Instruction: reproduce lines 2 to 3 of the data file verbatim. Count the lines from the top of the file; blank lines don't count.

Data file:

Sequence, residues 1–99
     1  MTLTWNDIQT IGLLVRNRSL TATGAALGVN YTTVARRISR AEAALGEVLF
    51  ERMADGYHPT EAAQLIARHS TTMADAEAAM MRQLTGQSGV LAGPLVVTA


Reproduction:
     1  MTLTWNDIQT IGLLVRNRSL TATGAALGVN YTTVARRISR AEAALGEVLF
    51  ERMADGYHPT EAAQLIARHS TTMADAEAAM MRQLTGQSGV LAGPLVVTA